Tag Archives: photography

How Photographers Captured the Incarceration of Japanese Americans During WWII

31 Jan

San Francisco, California, April 25, 1942.

Photographer Toyo Miyatake was 14 when he arrived in America in 1909, and 46 when he was forcibly moved from his home in Los Angeles to the Manzanar incarceration camp. By then, he was a father of four and owner of a photo studio. As he and his family gathered their belongings—whatever they could carry—he grabbed a few items that were considered contraband: a lens, a shutter, and film holders.

So begins Anika Burgess’s account of an exhibition of photographs of the relocation and control of Japanese Americans during World War II. You may read the rest of the post, with selected photographs, here.

 

 

Advertisements

Meet Buster, the rooster who can skate

20 Oct

A rooster named Buster roller skates and ice skates. See the 1952 photos and hear the story by the then-photographer of the LA Times: From the Archives: Meet Buster, the rooster who can skate – LA Times

In 100 years, will today’s digital files be accessible? Planning for ‘digital obsolescence’

19 Aug

Are you planning ahead for accessing what has been digitized? Here’s some material to help you think about this: In 100 years, will today’s digital files be accessible? Planning for ‘digital obsolescence’ | St. Louis Public Radio

Oldest Surviving Photograph of a U.S. President Has Surfaced

19 Aug

The 1843 daguerreotype of John Quincy Adams was discovered by a descendant of Vermont Representative Horace Everett. It is the oldest surviving photograph of a U.S. President, as noted here at the Smithsonian: Oldest Surviving Photograph of a U.S. President Has Surfaced | Smart News | Smithsonian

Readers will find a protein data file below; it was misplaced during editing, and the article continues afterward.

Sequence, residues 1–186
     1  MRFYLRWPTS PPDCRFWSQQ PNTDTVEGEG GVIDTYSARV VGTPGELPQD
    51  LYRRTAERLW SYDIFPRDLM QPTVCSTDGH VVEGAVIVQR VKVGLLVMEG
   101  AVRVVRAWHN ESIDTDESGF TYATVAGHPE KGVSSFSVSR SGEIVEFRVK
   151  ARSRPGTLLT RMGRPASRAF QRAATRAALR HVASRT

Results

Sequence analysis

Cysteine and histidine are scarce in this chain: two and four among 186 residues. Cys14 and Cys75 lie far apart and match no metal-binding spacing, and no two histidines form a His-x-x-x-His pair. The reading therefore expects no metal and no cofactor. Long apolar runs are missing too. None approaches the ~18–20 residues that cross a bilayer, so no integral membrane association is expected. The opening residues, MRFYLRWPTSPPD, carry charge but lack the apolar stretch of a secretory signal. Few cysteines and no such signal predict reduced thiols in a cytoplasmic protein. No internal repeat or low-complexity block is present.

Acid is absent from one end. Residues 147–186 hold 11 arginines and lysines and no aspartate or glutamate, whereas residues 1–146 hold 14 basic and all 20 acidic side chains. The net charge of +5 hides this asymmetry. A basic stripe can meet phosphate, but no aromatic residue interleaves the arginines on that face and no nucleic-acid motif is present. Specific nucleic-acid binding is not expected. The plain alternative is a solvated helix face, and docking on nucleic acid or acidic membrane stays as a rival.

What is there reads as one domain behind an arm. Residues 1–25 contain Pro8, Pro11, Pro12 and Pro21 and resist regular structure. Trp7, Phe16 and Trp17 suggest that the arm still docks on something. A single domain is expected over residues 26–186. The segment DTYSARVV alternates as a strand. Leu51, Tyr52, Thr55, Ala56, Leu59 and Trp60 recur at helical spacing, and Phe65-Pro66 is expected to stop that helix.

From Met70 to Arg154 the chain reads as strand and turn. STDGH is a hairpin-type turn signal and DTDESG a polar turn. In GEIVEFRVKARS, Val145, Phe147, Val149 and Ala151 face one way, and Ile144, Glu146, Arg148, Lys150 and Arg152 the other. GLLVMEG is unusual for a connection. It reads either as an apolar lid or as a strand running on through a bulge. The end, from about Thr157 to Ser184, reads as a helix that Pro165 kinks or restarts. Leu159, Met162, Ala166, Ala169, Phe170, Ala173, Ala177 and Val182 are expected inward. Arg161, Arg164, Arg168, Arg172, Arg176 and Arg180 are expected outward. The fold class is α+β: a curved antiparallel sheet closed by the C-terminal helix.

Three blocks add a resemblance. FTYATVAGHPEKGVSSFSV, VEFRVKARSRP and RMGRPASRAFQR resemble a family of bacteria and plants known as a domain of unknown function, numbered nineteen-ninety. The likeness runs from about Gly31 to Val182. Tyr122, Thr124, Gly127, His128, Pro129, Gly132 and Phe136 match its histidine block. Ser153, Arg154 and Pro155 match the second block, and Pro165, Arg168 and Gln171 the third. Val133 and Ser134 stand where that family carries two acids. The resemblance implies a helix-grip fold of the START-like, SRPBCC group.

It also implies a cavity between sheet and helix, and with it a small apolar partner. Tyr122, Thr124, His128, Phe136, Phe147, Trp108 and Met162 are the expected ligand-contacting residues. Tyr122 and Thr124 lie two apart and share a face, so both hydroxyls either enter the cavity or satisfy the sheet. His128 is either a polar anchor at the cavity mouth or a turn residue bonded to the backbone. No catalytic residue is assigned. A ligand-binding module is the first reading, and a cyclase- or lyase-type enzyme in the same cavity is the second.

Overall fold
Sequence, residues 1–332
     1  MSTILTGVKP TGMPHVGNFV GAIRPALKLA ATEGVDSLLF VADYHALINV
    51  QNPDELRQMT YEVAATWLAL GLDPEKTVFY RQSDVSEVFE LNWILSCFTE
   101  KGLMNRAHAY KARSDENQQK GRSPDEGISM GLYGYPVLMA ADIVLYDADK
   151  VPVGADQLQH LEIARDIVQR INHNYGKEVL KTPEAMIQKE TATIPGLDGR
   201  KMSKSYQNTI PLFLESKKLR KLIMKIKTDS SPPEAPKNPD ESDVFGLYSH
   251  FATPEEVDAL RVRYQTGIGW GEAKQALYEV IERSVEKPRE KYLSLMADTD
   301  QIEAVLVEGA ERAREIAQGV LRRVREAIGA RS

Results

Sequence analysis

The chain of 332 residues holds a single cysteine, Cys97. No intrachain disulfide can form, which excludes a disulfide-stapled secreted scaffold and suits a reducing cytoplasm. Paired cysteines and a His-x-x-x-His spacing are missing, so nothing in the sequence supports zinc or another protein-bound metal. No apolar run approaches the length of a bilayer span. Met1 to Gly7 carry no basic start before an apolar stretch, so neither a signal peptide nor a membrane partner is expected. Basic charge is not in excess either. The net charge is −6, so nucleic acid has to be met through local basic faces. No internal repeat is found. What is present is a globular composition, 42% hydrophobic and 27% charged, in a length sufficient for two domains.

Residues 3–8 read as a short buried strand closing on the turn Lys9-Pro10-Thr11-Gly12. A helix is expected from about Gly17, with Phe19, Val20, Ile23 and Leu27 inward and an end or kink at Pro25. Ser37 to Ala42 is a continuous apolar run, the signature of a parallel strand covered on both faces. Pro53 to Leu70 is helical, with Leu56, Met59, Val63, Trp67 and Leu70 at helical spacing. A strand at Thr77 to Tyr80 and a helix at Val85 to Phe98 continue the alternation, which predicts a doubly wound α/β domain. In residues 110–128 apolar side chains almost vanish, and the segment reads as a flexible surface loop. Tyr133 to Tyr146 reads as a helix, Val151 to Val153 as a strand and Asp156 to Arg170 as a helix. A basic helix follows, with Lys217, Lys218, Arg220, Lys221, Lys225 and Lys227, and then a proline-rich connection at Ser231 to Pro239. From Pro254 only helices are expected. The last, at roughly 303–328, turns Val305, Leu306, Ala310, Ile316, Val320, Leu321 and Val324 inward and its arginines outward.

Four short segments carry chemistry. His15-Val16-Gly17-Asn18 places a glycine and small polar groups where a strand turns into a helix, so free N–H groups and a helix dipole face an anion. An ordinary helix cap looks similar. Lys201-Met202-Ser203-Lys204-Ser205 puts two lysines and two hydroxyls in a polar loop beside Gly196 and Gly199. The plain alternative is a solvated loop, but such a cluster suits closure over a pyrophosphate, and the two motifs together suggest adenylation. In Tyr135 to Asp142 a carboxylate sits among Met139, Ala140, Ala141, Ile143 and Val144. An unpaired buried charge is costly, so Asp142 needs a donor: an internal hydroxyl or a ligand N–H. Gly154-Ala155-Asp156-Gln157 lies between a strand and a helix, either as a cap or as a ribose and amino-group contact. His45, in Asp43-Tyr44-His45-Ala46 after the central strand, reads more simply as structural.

1917 draft board, Los Angeles–100 years ago.

18 Aug

 

One hundred years ago, World War I was still raging. The Los Angeles Times has a photo here from then: 1917 draft board – Framework – Photos and Video – Visual Storytelling from the Los Angeles Times

Solomon D. Butcher’s Photographs Celebrate the Pioneer

6 Aug

Carson Vaughan at the Paris Review has a fascinating piece on Nebraska photographer Solomon D. Butcher. Read it here, and see some of Butcher’s photographs: The Paris Review – Blog Archive Solomon D. Butcher’s Photographs Celebrate the Pioneer

The Rare-Book Thief Who Looted College Libraries in the ’80s

24 Jul

By passing as a professor, James Richard Shinn made off with over $100,000 worth of books. Read Susan Falciani’s fascinating account of the master book thief here: The Rare-Book Thief Who Looted College Libraries in the ’80s – Atlas Obscura

Enough Light

"In faith there is enough light for those who want to believe and enough shadows to blind those who don't." - Blaise Pascal

Lenten Lamentations

Preparing to Participate in God's Mosaic Kingdom

john pavlovitz

Stuff That Needs To Be Said

Wirelesshogan: Reflections from the Hogan

"History is the record of our loves in all their magnificent and ignoble forms." Eugene McCarraher

The Way of Improvement Leads Home

"History is the record of our loves in all their magnificent and ignoble forms." Eugene McCarraher

the way of improvement leads home

reflections at the intersection of American history, religion, politics, and academic life

The Pietist Schoolman

The website and blog of historian Chris Gehrz

Native News Online

American Indian News

thepracticalhistorian

Your guide to practically true history.

THE TWELVE

Reformed. Done Daily.

i-history

by Alex Scarfe

blogwestdotorg.wordpress.com/

Thoughtful Conversation about the American West

Northwest History

"History is the record of our loves in all their magnificent and ignoble forms." Eugene McCarraher

Faith and History

Thinking Christianly about the American Past

%d bloggers like this: